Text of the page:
1 Isang Bulaklak, 2018

Nancy de Mayo

paper, cellophane - on repurposed pink cooler

2 Elmo’s Rocks, 2017

Larissa Tiggelers

acrylic on watercolour paper

3 a. One Moment, 2017

coral (from Elmo’s collection) encrusted w/ borax crystals

Kuh Del Rosario

b. To Hold, 2017

fabric encased cement w/ borax crystals, silica, sand, paint

Kuh Del Rosario

c. (untitled) coral

from the collection of Elmo F. Del Rosario

4. Rock Soup, 2017

rocks (from Elmo’s collection) set on cement base

Kuh Del Rosario

5. (untitled) half of ceramic bowl, enscribed base

from the estate of Mr. & Mrs. Patrocinio Del Rosario

6. Garden Sample, 2018

leaves from Elmo’s garden on wire hanger

7. (untitled) skull of pig, 2017

saved from the roast pig served at Elmo’s 40th day death

anniversary

8. (untitled) book & mosquito coils

book from Elmo’s library; a weeks’ supply of coils

9. (untitled) deconstructed textile, weaved and dyed

textiles deconstrcuted from Elmo’s shirts, pigmented from natural dyes

10. (untitled) ceramic ashtray

Malboro box shaped ashtray from Elmo’s collection

11. We are not the Same, 2017

driftwood, foam, sand, paint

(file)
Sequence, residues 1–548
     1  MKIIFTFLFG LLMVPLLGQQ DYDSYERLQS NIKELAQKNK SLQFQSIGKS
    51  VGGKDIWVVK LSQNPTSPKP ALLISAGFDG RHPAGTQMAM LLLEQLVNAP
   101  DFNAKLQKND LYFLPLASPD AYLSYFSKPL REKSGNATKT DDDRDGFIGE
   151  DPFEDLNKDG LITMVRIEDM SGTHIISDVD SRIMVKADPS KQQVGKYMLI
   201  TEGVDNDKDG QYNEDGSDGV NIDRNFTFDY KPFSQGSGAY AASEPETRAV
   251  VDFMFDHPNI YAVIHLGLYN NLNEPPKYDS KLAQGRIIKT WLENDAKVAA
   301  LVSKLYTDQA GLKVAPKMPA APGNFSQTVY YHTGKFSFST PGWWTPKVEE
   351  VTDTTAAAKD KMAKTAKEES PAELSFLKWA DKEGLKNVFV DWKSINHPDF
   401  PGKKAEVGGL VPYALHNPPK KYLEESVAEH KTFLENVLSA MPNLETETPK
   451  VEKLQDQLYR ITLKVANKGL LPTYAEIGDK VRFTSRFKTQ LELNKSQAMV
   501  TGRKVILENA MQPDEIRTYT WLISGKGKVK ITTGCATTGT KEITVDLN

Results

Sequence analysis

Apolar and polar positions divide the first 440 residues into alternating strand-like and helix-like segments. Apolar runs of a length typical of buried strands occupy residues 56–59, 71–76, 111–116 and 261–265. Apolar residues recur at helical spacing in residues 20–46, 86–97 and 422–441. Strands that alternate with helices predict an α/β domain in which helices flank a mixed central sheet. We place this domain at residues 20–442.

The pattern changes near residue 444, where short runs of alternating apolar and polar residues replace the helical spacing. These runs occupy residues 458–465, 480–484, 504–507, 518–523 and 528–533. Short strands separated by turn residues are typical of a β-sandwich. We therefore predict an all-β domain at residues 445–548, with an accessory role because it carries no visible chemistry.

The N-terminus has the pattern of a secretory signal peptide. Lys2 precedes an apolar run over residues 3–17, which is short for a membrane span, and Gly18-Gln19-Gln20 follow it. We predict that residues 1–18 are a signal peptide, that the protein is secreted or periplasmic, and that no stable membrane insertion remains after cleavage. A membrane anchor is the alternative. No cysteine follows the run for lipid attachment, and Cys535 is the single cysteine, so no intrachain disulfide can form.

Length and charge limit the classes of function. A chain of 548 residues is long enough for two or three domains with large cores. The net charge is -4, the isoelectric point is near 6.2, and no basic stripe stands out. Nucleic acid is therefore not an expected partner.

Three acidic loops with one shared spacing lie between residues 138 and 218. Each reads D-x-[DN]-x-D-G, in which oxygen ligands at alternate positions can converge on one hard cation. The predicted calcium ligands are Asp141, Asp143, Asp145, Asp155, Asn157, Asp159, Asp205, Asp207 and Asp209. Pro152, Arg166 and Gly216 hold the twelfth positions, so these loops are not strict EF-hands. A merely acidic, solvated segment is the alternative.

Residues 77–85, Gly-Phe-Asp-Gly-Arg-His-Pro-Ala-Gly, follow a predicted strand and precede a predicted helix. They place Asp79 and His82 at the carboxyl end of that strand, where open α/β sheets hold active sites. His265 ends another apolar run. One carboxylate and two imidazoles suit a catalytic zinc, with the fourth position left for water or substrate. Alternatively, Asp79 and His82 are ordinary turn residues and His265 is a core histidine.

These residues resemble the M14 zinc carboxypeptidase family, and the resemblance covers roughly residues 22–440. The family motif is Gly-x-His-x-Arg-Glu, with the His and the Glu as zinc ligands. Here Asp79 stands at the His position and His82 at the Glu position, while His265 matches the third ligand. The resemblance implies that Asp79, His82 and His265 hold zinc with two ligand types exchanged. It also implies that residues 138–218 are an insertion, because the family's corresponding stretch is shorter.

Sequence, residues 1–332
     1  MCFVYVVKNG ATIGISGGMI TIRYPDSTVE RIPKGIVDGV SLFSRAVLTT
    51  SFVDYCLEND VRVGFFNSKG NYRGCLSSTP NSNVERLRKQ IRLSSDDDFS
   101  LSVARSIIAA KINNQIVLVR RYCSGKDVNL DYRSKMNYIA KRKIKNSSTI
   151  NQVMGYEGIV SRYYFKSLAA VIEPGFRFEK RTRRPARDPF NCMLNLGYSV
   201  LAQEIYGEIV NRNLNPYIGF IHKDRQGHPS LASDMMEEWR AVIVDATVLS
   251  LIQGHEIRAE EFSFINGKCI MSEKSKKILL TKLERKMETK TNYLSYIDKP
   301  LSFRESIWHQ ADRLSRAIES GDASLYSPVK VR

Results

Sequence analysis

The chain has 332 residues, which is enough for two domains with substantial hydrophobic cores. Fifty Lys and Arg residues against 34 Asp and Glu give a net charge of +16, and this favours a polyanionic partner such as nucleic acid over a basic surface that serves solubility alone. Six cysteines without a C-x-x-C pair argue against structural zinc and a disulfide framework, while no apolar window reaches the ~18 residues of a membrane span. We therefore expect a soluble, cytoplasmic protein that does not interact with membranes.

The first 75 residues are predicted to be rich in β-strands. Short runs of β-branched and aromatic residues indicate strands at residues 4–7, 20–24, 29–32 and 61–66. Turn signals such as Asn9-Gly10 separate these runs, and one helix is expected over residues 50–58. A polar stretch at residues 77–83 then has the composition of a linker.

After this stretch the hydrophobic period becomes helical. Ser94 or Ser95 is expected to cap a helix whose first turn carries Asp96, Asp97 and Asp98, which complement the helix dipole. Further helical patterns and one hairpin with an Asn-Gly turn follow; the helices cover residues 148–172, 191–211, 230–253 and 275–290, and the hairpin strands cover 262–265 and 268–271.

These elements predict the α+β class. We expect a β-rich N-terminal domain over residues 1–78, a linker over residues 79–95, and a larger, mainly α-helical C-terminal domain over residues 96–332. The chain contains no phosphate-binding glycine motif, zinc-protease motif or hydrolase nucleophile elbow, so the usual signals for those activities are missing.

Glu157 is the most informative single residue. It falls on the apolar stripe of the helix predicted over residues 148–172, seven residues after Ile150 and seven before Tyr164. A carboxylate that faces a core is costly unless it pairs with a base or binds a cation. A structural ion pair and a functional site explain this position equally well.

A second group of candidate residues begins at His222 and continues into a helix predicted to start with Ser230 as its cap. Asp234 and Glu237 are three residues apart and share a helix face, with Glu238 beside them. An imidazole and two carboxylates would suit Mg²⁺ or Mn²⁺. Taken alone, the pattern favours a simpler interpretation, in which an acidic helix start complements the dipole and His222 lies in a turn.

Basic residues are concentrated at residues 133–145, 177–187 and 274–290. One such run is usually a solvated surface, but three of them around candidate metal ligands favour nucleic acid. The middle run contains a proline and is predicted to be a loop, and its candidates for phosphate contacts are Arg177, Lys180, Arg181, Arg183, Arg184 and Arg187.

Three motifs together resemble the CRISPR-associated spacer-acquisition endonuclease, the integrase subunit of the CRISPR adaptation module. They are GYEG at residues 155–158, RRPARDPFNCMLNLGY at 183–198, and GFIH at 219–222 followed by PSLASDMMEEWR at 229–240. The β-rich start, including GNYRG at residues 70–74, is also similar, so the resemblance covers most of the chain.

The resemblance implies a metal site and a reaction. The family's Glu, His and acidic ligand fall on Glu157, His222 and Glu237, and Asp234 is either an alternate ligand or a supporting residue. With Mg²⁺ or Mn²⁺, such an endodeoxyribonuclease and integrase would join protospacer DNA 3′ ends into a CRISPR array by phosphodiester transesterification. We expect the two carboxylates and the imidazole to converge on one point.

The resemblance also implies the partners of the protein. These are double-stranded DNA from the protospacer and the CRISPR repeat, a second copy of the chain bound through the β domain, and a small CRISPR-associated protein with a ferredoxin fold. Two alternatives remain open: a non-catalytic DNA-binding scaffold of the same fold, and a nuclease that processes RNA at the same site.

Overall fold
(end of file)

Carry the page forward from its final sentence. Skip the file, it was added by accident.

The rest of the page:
Kuh Del Rosario

12. Elmo’s House Artist Cookbook, 2017

hand made recipes on wire hanger

Tséma Igharas, Elizabeth McLean, Andrea Forist, Pamela Angeles, Marc Standing,

Kuh Del Rosario, Sara Reedman, Nancy de Mayo, Larissa Tiggelers

13. Penthouse I & II

select Penthouse issues, case-bound from Elmo’s library

14. Unique Batan, 2017

video installation featuring talent from Batan

Karilynn Ming Ho

15. 1992

rocks from Elmo’s collection on painted carpet

16. (untitled) coconut shell and leaf

remnants from Elmo’s property

17. (untitled) badges from various events in Batan

Worn while judging competitions in town hung from plastic hanger

18. Year of the Rooster, 2017

unfired clay, acrylic - artifact from performance piece

Tséma Igharas

19. Philippine Love Songs by Pilita Corrales

record album from Elmo’s Collection

20. (untitled) mosquito swatter

plastic swatter in the image of a male caricature.

21. (untited) hand made paper, 2018

shredded estate documents, pigmented from Bignay fruit

22. GAG